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Yaodong: China’s Pit Houses

For more than four thousand years, on the Loess Plateau in northern China, people have been residing in caves known as yaodong, which is Chinese for “house cave”. Some of these cave dwellings are carved out of the hillside, while others are dug vertically down to form a sunken courtyard from which rooms are excavated horizontally. The latter is the most unusual of which few equals exist in this world. The pit houses of Matmata in Tunisia come the closest.

The Loess Plateau, located around the Wei River valley in the provinces of Shaanxi and Shanxi, was enormously important to Chinese history as it formed one of the earliest cradle of Chinese civilization. The plateau was formed by the deposition of very fine particles of soil blown in by wind storms over millions of years. As a result, the soil here is very fine and loamy, and is highly fertile, easy to farm and dig, making cave dwelling a reasonable option.

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The first yaodong appeared during the period of China's Xia Dynasty, some 4,000 years ago, although it wasn’t until the Han dynasty (206 BC to 220 AD), that they began to be more popular. The yaodong’s popularity reached its peak during the dynasties of Ming (1368 to 1644) and Qing (1644 to 1912). Even today, some 40 million people are believed to live in cave houses.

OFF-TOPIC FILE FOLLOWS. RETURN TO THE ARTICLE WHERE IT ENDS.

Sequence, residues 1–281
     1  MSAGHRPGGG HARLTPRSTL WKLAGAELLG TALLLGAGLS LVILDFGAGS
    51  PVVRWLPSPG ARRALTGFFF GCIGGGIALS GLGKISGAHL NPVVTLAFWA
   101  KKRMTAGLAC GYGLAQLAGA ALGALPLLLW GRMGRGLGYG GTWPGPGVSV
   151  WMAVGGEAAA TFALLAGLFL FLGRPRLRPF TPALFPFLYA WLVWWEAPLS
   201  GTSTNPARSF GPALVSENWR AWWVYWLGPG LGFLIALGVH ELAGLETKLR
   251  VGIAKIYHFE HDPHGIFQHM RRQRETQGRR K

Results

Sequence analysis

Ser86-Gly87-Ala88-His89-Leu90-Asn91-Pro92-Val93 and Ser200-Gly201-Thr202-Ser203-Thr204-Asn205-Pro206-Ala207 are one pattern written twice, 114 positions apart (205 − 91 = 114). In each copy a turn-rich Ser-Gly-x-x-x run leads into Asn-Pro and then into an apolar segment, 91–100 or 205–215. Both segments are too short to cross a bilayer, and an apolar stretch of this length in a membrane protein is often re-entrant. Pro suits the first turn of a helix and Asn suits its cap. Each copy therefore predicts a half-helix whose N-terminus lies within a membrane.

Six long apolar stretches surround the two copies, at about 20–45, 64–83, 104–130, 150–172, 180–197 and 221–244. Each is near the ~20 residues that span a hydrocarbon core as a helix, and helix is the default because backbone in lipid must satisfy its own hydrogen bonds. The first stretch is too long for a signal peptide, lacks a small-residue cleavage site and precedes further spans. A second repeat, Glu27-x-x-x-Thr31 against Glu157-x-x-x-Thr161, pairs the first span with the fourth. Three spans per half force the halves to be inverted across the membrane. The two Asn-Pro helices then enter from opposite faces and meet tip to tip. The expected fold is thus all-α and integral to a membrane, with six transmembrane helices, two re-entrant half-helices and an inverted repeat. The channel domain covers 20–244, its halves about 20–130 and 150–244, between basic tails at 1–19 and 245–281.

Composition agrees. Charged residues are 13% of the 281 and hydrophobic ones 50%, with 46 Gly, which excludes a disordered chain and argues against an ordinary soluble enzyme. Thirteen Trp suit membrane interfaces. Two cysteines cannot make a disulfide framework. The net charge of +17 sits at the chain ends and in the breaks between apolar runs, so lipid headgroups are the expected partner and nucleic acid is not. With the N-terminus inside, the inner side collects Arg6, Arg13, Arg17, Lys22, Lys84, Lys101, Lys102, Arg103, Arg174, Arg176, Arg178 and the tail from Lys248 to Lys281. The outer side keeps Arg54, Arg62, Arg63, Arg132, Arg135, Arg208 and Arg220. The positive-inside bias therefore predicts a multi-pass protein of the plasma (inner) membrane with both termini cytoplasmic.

The most common type of yaodong are those which are dug on the faces and slopes of the plateau. These are located in regions on the edges of the Loess Plateau. In the interior of the plateau, where there are no hillsides and ravines, peasants dig a square pit on the ground and then dig the dwellings horizontally on the four walls to form a central, sunken courtyard. Entrance to these pit houses are usually through a ramp or an underground corridor.

A yaodong typically has a long vaulted room with a semicircular entrance covered with a wooden door or a quilt. The better caves protrude from the mountain and are reinforced with brick masonry. Often multiple dwellings are built adjacent to or on top of one another and connected together to make up a tiered village, often for a single clan or extended family.

These houses are very pleasant to live—cool in summers and warm in winters. When fitted with modern conveniences such as running water and electricity, a simple three-room cave with attached bathroom—totaling barely 750 square feet—can cost $46,000 in the market. A simple one-room cave without plumbing rents for $30 a month.

Also see: Coober Pedy: An Australian Town That Lives Underground

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Aerial view of the cave dwelling complex at Shanzhou District on January 21, 2018 in Sanmenxia, Henan Province of China

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Photo credit: kattebelletje/Flickr

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Photo credit: Kevin Poh/Flickr

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Photo credit: Tim Zachernuk/Flickr

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